August 1, 2012 at 12:35 am |
    • Florist

      He never denied freedom of religion to anyone, much less to those who are in favor os gay marriage. I think you need to read this again. The point is that these people are saying point blank that they are inclusive, so they will exclude Chick-Fil-A. This also poses very serious legal issues if politicians can now say that they will deny permits to people when they disagree with their opinions. If this continues you WILL see yourself on the other end of this. Some day someone will decide that your business can't exist because you aren't Christian or that because you don't worship Mohammed you aren't allowed to keep your job. When you squash religious freedom and give politicians this kind o power, expect repercussions.

      August 1, 2012 at 1:10 am |
  8. rnco

    Let the backwards brainwashed idiots open their stores. Their sandwiches are pretty good.

    August 1, 2012 at 12:24 am |
  9. California

    Let the civil war begin.

    August 1, 2012 at 12:24 am |
  10. Jhamilton918

    The People do not only get to vote in the ballot box, they also get to vote with their dollars and their feet. I think that far too many times religious people confuse religious tyranny with simply not getting their way all the time. The owner of this "restaurant" is not simply in the business of selling chicken sandwiches, he chose to make a comment and take a public stance and donate money to a current civil rights issue. In doing that he gave people the option to either support him with their business or not. If the KKK started selling lemonade I would not buy from them, they support the suppression of civil liberties of other Americans and Chickfila does as well. We are either a nation that supports the expansion of civil liberties or we are no better than any other nation that allows their religious extremists to dictate who can be treated fairly.

    August 1, 2012 at 12:24 am |
  11. bbrentso

    Another clear example of the hypocrisy in this country. Those who DEMAND tolerance are the least tolerant. You don't support one man's view, don't visit the business. As the writer indicated, Chick-fil-A is not under any investigation for employment discrimination. Quite the contrary. However because of one man's personal belief, the left wants to silence and persecute a business that actually puts people to work...now there's another novel idea. Fact is nobody is forcing a gun to anyone's head to spend your money at this chain. If a community doesn't support the business, it will fail through natural attrition. The man is simply expressing his religious convictions...what is everyone elses excuse? The bigotry the claim to be subject to. I have really reached a point in my thought that this country should split North-South. Use the original Mason-Dixon line and throw the West Coast to the North for good measure and let the chips fall where they fall.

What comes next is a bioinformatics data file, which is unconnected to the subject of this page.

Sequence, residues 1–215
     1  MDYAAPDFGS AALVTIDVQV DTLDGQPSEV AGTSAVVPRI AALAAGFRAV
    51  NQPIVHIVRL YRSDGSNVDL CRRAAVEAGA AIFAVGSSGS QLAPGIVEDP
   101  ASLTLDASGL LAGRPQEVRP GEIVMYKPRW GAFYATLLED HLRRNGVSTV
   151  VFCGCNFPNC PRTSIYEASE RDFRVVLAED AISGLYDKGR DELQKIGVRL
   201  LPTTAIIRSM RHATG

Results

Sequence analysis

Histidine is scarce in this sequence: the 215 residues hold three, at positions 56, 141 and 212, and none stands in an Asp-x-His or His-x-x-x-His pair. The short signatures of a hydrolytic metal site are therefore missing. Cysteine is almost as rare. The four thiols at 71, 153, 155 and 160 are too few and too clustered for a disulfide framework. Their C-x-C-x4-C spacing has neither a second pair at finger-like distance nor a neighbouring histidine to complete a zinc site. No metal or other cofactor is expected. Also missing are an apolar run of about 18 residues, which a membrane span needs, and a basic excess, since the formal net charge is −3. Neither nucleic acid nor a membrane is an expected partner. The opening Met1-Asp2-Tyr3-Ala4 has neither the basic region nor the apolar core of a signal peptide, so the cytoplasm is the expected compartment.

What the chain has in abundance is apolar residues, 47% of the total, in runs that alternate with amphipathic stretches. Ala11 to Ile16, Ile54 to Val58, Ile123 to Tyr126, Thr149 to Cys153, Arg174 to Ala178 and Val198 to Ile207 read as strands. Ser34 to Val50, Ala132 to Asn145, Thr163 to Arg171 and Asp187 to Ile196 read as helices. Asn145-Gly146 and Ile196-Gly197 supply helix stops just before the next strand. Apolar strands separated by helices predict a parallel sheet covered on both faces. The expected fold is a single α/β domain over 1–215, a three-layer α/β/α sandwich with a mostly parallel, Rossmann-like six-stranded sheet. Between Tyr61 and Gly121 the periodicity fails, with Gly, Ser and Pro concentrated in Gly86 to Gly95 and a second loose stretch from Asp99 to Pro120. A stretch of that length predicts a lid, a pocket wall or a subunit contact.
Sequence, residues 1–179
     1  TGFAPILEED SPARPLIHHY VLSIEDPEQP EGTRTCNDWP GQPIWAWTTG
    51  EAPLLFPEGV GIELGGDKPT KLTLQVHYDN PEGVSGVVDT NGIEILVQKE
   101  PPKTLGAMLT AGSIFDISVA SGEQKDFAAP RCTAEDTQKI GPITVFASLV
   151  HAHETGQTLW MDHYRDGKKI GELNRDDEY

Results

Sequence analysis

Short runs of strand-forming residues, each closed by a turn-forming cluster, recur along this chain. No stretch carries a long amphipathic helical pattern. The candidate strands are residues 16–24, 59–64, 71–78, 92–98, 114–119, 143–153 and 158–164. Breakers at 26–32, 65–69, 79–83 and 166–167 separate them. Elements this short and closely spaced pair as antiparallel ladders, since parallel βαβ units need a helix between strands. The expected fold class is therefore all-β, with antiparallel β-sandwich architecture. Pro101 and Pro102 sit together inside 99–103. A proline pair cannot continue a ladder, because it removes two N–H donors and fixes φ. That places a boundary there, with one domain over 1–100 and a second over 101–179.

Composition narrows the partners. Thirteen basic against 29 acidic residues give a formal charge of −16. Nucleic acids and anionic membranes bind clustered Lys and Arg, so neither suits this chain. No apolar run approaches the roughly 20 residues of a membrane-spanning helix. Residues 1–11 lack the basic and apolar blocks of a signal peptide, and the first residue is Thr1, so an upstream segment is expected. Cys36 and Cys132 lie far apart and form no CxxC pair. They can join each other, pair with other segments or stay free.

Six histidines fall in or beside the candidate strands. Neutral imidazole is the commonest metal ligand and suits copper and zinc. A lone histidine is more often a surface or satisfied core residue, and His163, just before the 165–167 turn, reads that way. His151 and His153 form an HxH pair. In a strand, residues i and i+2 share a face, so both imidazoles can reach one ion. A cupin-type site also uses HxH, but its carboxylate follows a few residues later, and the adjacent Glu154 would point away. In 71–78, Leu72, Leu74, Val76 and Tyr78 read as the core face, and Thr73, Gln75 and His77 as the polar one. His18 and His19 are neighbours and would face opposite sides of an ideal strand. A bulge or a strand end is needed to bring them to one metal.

August 1, 2012 at 12:22 am |
  12. for all atheist, gays or both

    For RELIGIOUS to deny other people's right is HATRED and BIGOTRY. While for ATHEISTS to kill other's people right is COOL and OKAY.

    August 1, 2012 at 12:22 am |
  13. MIRIAM

    QUIT hijacking my wonderful religion of peace, tolerance and love. So very many of you who say you are Christians are very surely NOT.

    August 1, 2012 at 12:21 am |
    • Willard

      QUIT hijacking my wonderful religion of holiness, righteousness and justice. So very many of you who say you are Christians are nothing more than post-modern, pantheistic deists.

      August 1, 2012 at 12:33 am |
  14. Peter Rabbit

    Any corporation to include religious organizations that take money from people and then use that wealth to promote their personal agenda and usurp the citizen's vote is wrong and must be exposed.

    August 1, 2012 at 12:16 am |
    • Roger Pan

      What's the connection? Please tell us what you are smoking.

      August 1, 2012 at 12:25 am |
    • Willard

      So, basically, shut down everything you don't like.

      August 1, 2012 at 12:35 am |
  15. That

    I like ice cream. Duh...

    August 1, 2012 at 12:16 am |
  16. California

    Support tyranny, support the mayors in Chicago, San Francisco & Boston.

    August 1, 2012 at 12:15 am |
  17. to all atheists, gays and both

    Get a GRIP!

    August 1, 2012 at 12:14 am |
  18. L Rivera

    Ken, you can't assume every democrat is in favor of killing babies.

    August 1, 2012 at 12:13 am |
  19. James Eaton

    The real threat to religious liberty in this country comes from evangelicals who have pretended that Islam is a threat. Where is the outrage by the writer against Michelle Bachmann's crusade against Muslims in public life? Where is his outrage about the discrimination by government in Kentucky against a mosque? Those are government actions designed to discriminate against a religion.

    August 1, 2012 at 12:11 am |
    • Peter Rabbit


      August 1, 2012 at 12:14 am |
    • A Little Common Sense

      They're only concerned about peoples' rights to the extent of their rights to espouse and further their discriminatory & oppressive agenda. It's all under the disguise of caring about rights. If they actually cared about peoples' rights, they wouldn't be pushing for the agenda they are

      August 1, 2012 at 12:23 am |
    • bbrentso

      Have you read the Quran?

      August 1, 2012 at 12:25 am |
  20. Corey


    You are obviously a biased hack.

    August 1, 2012 at 12:10 am |
    • sleepytime

      Haha, exactly.

      August 1, 2012 at 12:18 am |
1 2 3 4 5 6 7 8 9 10 11 12 13 14 15 16 17 18 19 20 21 22 23 24 25 26 27 28 29 30 31 32 33 34 35 36 37 38 39 40 41 42 43 44 45 46 47 48
About this blog

The CNN Belief Blog covers the faith angles of the day's biggest stories, from breaking news to politics to entertainment, fostering a global conversation about the role of religion and belief in readers' lives. It's edited by CNN's Daniel Burke with contributions from Eric Marrapodi and CNN's worldwide news gathering team.